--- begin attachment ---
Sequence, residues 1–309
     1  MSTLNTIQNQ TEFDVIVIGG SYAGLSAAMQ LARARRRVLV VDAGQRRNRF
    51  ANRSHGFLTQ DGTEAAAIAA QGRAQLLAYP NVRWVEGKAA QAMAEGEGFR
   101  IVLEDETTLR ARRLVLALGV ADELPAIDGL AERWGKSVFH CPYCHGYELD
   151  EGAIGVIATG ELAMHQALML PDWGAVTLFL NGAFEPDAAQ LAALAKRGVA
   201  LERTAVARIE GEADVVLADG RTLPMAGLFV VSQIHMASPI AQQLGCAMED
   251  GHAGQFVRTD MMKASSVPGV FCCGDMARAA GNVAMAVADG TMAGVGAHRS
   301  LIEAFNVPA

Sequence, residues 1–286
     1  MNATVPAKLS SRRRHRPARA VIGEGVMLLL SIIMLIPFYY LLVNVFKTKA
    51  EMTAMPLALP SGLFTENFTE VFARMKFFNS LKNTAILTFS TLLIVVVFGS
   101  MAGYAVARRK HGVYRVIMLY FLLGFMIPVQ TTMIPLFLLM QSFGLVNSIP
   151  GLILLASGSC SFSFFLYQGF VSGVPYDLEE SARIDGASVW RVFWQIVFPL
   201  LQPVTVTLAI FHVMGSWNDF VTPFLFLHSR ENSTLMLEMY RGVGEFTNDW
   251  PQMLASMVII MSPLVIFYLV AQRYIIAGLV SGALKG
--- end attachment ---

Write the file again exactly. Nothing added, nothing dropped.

Sequence, residues 1–309
     1  MSTLNTIQNQ TEFDVIVIGG SYAGLSAAMQ LARARRRVLV VDAGQRRNRF
    51  ANRSHGFLTQ DGTEAAAIAA QGRAQLLAYP NVRWVEGKAA QAMAEGEGFR
   101  IVLEDETTLR ARRLVLALGV ADELPAIDGL AERWGKSVFH CPYCHGYELD
   151  EGAIGVIATG ELAMHQALML PDWGAVTLFL NGAFEPDAAQ LAALAKRGVA
   201  LERTAVARIE GEADVVLADG RTLPMAGLFV VSQIHMASPI AQQLGCAMED
   251  GHAGQFVRTD MMKASSVPGV FCCGDMARAA GNVAMAVADG TMAGVGAHRS
   301  LIEAFNVPA

Sequence, residues 1–286
     1  MNATVPAKLS SRRRHRPARA VIGEGVMLLL SIIMLIPFYY LLVNVFKTKA
    51  EMTAMPLALP SGLFTENFTE VFARMKFFNS LKNTAILTFS TLLIVVVFGS
   101  MAGYAVARRK HGVYRVIMLY FLLGFMIPVQ TTMIPLFLLM QSFGLVNSIP
   151  GLILLASGSC SFSFFLYQGF VSGVPYDLEE SARIDGASVW RVFWQIVFPL
   201  LQPVTVTLAI FHVMGSWNDF VTPFLFLHSR ENSTLMLEMY RGVGEFTNDW
   251  PQMLASMVII MSPLVIFYLV AQRYIIAGLV SGALKG